Region can be research hub for causes, cures of addiction

The federal Narcotics Farm in Lexington was the center of addiction research in the 1940s and 1950s.
The federal Narcotics Farm in Lexington was the center of addiction research in the 1940s and 1950s. PBS

Decades ago, the world’s research about addiction came from one place — a federal prison/hospital near Lexington, known as the Narcotics Farm.

The Farm was built in 1935. For 40 years, heroin addicts from across America were sent there. As such, it was a perfect place for research on addiction. From the Farm came the first world’s important studies of addiction.

In 1975, the Farm was converted to the prison hospital for all inmates that it is today. Since then, addiction research has remained dispersed, in part because there isn’t a natural center for it to take place.

I believe this region — Southern Ohio, West Virginia, Eastern Kentucky — can replace it as a worldwide center for the study of the causes and treatment of addiction.

You have a constellation of great university medical centers at Ohio State, Cincinnati, Kentucky, Louisville, and West Virginia. At Shawnee State (Portsmouth), Northern Kentucky (Highland Heights), Marshall (Huntington) enrollments are swelling with recovering addicts studying social work and addiction counseling.

They could prove eager workers in these studies. In some areas, Portsmouth is one, you have abundant cheap real estate that could house these studies. You also have thousands upon thousands of addicts — active and recovering — who could be the subjects of these studies.

A corridor of addiction research bisected by the Ohio River.

But who wants to be known as a center of addiction?

Well, think of it another way. Addiction has destroyed people for thousands of years. This region could be a world center for the study of one of humankind’s most persistent torments. Boston is the center of study of cancer and blood — to the great benefit of that area, and the world. Addiction, in all its forms, afflicts far more people than does cancer.

Regional cooperation is key. One state alone, one sub-region alone, one school alone, probably couldn’t achieve the synergies and the political pull needed. It’s time to leverage brainpower of like-minded people and regions. Six senators and a dozen or so congressmen could form an Addiction Research & Solutions Caucus to expand federal research grants. Add to that three governors, several college presidents and many researchers.

That’s an impressive lobby, seems to me.

It would also require state and local government working for this future. And folks at those medical centers would have to get to know each other, cooperate on studies and leverage their research abilities.

I know that’s hard. But haven’t we tried the “solution in isolation” approach? Isn’t that what the whole pain revolution was all about — treating all pain with one kind of pill? Haven’t we seen families across this region fighting addiction alone? Alone, problems seem insoluble.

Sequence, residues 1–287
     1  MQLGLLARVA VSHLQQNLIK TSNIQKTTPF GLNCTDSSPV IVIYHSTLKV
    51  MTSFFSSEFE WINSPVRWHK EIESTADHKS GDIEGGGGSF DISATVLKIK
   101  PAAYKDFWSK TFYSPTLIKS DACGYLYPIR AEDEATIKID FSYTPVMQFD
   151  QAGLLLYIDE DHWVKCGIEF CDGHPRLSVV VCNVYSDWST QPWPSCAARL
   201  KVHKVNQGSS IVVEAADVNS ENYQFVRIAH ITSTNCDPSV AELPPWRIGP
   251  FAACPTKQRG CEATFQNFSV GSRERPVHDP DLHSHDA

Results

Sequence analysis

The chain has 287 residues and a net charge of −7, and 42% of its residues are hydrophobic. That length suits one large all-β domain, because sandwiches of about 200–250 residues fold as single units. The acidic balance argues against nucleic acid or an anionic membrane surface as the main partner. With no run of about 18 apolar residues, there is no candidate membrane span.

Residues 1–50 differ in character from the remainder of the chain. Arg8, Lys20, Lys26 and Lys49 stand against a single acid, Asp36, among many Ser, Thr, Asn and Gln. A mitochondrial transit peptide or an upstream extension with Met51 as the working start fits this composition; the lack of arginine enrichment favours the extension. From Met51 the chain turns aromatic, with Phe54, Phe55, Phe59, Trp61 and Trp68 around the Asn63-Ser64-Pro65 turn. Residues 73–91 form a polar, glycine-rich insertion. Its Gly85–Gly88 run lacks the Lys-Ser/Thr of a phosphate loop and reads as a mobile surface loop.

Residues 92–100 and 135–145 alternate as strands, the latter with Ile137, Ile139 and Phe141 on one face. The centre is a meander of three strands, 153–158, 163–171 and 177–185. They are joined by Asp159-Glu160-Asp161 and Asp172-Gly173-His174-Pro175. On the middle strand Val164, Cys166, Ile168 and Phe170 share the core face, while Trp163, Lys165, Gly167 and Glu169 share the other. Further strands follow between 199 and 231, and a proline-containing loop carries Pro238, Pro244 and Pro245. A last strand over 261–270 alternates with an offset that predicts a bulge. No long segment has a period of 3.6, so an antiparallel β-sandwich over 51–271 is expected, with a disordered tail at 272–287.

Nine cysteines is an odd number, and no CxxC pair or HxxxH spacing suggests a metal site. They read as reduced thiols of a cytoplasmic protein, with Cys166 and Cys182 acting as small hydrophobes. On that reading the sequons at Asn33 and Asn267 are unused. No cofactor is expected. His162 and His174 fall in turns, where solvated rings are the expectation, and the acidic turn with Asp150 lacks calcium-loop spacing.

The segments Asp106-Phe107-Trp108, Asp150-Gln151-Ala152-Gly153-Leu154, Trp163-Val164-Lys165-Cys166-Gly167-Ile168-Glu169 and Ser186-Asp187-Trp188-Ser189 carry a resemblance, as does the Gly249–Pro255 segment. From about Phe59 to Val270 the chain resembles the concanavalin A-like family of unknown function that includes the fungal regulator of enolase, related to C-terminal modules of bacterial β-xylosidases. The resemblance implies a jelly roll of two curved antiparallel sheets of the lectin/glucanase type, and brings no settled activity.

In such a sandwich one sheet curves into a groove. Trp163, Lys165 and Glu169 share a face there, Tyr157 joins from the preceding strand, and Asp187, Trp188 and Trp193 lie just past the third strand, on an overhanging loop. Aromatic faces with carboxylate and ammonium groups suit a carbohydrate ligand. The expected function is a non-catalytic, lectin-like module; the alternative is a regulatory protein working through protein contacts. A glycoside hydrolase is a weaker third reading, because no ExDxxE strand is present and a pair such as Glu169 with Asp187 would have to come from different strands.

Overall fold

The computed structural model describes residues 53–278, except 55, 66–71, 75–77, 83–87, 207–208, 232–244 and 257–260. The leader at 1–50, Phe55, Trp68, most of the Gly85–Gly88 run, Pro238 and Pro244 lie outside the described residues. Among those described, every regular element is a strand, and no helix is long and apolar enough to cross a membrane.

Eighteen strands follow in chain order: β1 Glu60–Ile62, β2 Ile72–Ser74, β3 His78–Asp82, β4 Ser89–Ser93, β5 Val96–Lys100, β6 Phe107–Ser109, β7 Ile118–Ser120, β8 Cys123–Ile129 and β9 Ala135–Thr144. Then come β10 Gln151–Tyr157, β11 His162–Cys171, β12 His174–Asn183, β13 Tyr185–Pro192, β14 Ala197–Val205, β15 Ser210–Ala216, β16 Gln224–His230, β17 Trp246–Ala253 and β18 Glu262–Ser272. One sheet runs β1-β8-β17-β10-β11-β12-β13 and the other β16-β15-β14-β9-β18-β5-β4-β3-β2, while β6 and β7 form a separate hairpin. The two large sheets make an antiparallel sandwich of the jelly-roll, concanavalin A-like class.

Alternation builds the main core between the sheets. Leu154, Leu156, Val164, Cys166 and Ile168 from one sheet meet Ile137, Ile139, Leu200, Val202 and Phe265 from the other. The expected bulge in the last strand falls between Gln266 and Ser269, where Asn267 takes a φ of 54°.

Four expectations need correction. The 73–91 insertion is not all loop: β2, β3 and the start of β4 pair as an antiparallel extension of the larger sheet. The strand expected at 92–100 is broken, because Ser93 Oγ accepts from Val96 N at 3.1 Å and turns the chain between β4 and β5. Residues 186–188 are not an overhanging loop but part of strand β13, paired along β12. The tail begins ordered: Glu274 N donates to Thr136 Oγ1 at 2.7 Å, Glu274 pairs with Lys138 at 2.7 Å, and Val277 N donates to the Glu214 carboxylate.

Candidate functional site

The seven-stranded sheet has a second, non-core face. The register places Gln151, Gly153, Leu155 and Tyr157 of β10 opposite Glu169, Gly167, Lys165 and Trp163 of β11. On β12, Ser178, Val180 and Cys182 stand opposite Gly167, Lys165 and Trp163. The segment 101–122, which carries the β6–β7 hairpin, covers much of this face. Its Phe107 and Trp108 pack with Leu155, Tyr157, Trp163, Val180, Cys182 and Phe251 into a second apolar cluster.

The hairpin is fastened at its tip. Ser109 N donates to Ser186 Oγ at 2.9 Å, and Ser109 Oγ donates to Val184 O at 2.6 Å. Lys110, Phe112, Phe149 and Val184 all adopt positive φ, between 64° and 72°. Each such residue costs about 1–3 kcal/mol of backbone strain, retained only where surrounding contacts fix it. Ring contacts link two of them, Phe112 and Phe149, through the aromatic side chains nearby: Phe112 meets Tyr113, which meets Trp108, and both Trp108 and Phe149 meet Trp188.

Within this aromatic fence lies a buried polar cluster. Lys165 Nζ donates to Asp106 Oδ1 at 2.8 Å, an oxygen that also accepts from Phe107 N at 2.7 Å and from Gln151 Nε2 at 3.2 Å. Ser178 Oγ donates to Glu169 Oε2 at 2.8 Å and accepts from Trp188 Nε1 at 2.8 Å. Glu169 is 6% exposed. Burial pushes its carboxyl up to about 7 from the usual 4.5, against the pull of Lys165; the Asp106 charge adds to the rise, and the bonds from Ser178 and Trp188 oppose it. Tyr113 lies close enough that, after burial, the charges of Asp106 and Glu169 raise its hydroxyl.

This region ought to sponsor an annual national conference bringing together specialists in family practice, addiction studies and pain management. Amazingly, despite 20 years of modern medicine holding that primary care docs should prescribe highly addictive drugs to treat pain, there is no U.S. conference, no journal, no social space where these specialties an meet to exchange and test ideas.

When these folks come together in conferences, in journals, over a beer at a Reds game, their combined expertise will find solutions to this epidemic. That’s how innovation happens.

This area as a center for the addiction study would invite not just dollars but educated people to a region that has seen a lot of both depart over recent decades. Yet the benefit goes deeper. A recovering addict is more than a person who no longer does dope. A recovering addict discovers new energy for the possibilities of the future, with gratitude for a second chance.

Harnessing that is crucial to defeating not only this epidemic but also the fatalism and inertia on which dope feeds. The more research funding out there, the more those recovering addicts could be employed in those studies, channeling their newfound energy.

The pharmaceutical industry, then the dope dealers, thought regionally when they figured out how to make this region one of the first in the country to get massively hooked. Now it’s your turn. You can transform the wreckage into a profound virtue for this area and, it’s not too much to say, for the world.

Optimistic? You bet. Why not? The antidote to heroin isn’t naloxone; it’s community. A century ago, a “scene” of industrial tinkerers and inventors formed along the Ohio River. They learned from each other and were aided by government; they competed mightily, innovated and changed the world. You have this in your economic DNA.

Something similar could emerge here again around addiction research, transforming devastation into renewal.

After all, the dope dealers learned to do it. And they’re really not that smart.

Sam Quinones is a California journalist and author of “Dreamland: The True Tale of America’s Opiate” Epidemic (Bloomsbury).

If you go: Author Same Quinones will discuss his book, Dreamland: The True Tale of America’s Opiate Epidemic April 18 at Northern Kentucky University. The conversation begins at 7 p.m. and a panel discussion at 8 p.m. in the Concert Hall. For more information: